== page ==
At the most basic level, carbon-capture technology is not new, but it has attracted a lot more attention in recent years amid discussions about how best to transition to a net-zero world by 2050. Efforts to ramp up carbon capture have faced a number of hurdles, however, including the difficulty in capturing some emissions at the point where they’re generated. That’s where direct air capture (DAC) — which essentially works as a large-scale air filter and can be located just about anywhere — comes into play. In today’s RBN blog, we take a closer look at the still-emerging technology and its limitations, a project in Iceland that is the largest currently in operation, and plans by Occidental Petroleum to make Texas home to the world’s largest DAC facility. 

Thursday, 05/12/2022

Electric vehicles (EVs) in the U.S. may be at a turning point, with high gasoline prices prompting would-be car buyers to give them a second look — or a first look, in many cases. EV adoption has been slow to pick up speed in the U.S. for a variety of reasons, including the lack of a nationwide charging network and concerns about “range anxiety.” But a major factor has always been that gasoline-fueled cars have been cheaper to purchase and operate than EVs. The recent run-up in gasoline prices, amplified by Russia’s invasion of Ukraine, has changed the math in those comparisons, at least in the short-term. Is the pace of EV adoption about to accelerate, or will trends in gasoline and electric power prices put the transition into cruise control, or even neutral? In today’s RBN blog, we look at how forecasts for power and gasoline prices might shape the conversations around EVs through 2030.

Tuesday, 05/10/2022

Efforts to limit the effects of greenhouse gas emissions on the climate while meeting growing energy demand rest largely on key partnerships between the oil and gas industry and emerging climate technology companies. The transition to responsibly sourced gas — natural gas that is produced, gathered, processed, transported and distributed utilizing methods that meet the highest environmental standards and practices — does more than just lower emissions as part of that net-zero goal. RSG helps upstream gas businesses and downstream customers demonstrate their commitment to sustainability measures in ways that resonate with investors, regulators and the general public. In today’s RBN blog, we look at the road to a net-zero world and how Project Canary assessments can help ensure that natural gas remains a part of that journey.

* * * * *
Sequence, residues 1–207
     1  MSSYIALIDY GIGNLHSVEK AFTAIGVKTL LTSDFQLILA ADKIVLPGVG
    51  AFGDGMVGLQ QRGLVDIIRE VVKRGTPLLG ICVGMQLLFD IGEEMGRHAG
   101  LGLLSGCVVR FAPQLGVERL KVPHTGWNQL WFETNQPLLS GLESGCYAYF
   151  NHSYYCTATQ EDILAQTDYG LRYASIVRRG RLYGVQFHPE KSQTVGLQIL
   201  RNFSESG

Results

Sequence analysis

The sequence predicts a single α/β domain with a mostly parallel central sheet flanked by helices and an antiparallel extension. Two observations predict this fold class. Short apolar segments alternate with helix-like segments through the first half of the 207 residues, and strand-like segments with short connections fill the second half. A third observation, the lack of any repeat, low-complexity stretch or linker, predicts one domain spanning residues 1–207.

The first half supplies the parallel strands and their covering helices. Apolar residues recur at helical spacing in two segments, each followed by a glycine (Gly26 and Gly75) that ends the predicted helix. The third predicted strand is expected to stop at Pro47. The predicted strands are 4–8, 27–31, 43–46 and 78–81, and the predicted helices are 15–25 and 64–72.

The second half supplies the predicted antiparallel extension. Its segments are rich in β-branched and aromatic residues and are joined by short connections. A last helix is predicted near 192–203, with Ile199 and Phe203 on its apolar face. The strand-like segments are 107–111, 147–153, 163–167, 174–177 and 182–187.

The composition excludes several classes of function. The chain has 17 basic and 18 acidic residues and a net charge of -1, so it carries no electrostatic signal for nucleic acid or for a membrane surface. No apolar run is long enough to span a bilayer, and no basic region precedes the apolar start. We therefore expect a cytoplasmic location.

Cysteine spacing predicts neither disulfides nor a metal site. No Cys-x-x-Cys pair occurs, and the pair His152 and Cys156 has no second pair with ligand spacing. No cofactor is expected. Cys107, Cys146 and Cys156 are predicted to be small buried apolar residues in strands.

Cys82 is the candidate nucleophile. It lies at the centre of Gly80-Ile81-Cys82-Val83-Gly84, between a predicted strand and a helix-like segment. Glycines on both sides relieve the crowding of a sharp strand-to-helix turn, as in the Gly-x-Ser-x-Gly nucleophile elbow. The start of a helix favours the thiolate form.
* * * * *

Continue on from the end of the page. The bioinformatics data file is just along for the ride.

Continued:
Monday, 05/02/2022

Carbon-capture projects have been slow to take root in the U.S., but that may be changing as a number of companies are now advancing plans to capture the carbon dioxide that results from ethanol production in the Midwest. Ethanol plants are an obvious choice, given that the CO2 resulting from ethanol fermentation is highly concentrated, which makes capturing it more efficient (and less expensive) compared to many other industrial processes. But while the relative ease and economy of capturing those emissions might seem like a no-brainer, convincing the public to go along with those plans has been more difficult. In today’s RBN blog, we look at what’s being planned.

Thursday, 04/21/2022

The U.S. and its European allies have been working on ways to move away from Russian energy supplies after Russia’s invasion of Ukraine, with increased LNG exports to Europe expected to play an important role in that transition. And with global demand for LNG at an all-time high, it has put some important U.S. export projects closer to reaching a final investment decision (FID).  But even with U.S. LNG production surging, questions remain about how much more LNG Europe can realistically handle. Warning — today’s RBN blog is an advertorial in which we discuss the highlights from our new Drill Down Report on the global LNG market. 

Tuesday, 04/19/2022

It’s no secret that higher gasoline prices are a problem for a lot of folks, including everyday drivers, businesses and — maybe especially — the politicians who hear the complaints from the first two. Although prices at the pump have been trending higher for some time, they’ve really come to the forefront in the past several weeks following Russia’s invasion of Ukraine, which has stressed global energy markets and sent U.S. officials looking for any and all options to keep a lid on prices. In today’s RBN blog, we look at President Biden’s decision to allow the sale of E15 gasoline during the summer months, whether it’s likely to provide U.S. drivers significant relief from high prices this summer, and how global pressures are moving ethanol prices higher too.